Q: Have you noticed a difference in how various generations respond to your work? Have your parents and grandparents read your novels?
A: Unfortunately my grandparents are no longer alive. But my parents have always been my first readers. My mother was a Portuguese teacher and to this day is the person who helps me most in revision. I think my novels interest people of all ages. At book fairs when I sign books, most of the people who turn up are younger—mainly women—but there are people of my parents’ generation there too. What’s most interesting is the fact that the majority of fiction readers now—and I imagine this is a universal phenomenon—are women.
Q: You have written seven novels. Why is your sixth novel, The Book of Chameleons, the first to be made available in the United States?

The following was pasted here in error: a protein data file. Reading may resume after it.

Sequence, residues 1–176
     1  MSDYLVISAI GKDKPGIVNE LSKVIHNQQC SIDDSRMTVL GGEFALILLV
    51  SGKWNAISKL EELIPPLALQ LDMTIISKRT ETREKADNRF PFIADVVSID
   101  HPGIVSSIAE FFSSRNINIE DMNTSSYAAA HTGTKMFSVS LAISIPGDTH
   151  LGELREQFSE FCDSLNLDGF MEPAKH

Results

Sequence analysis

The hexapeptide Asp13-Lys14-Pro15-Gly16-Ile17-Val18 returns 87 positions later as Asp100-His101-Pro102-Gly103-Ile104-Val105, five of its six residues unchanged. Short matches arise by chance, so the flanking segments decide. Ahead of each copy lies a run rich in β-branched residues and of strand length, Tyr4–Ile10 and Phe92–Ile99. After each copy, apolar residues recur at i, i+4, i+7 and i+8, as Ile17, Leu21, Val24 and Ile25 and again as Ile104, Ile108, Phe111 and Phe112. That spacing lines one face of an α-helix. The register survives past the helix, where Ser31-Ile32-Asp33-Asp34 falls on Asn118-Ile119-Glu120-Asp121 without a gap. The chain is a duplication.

A: The English-language market translates very little. While in most European countries the majority of fiction published comes from other languages, in England or the U.S. it’s only an insignificant amount—less than 2 percent.
Q: What are you currently working on? Does something arise in one project that usually leads you to the next?
A: I’ve started work on a new novel, Luanda, 2020. I’d like to be able to give literary expression to the tropical baroque, to the torrent of characters and stories I’m confronted with every time I open my apartment door in Luanda and dive into the chaos of the streets. Imagining what Luanda might become a dozen years from now is really fun. In this case, there’s a link to my previous novel, As Mulheres do Meu Pai (My Father’s Wives). The narrator is one of the characters from that novel, but now a little older, a little more cynical, and missing an eye.
José Eduardo Agualusa's U.S. debut book is a surprising tale of race, truth, and the transformative power of creativity. Narrated by a gecko, The Book of Chameleons explores issues of identity as purchased pasts and reality collide, leading to a bewildering murder. Read the review.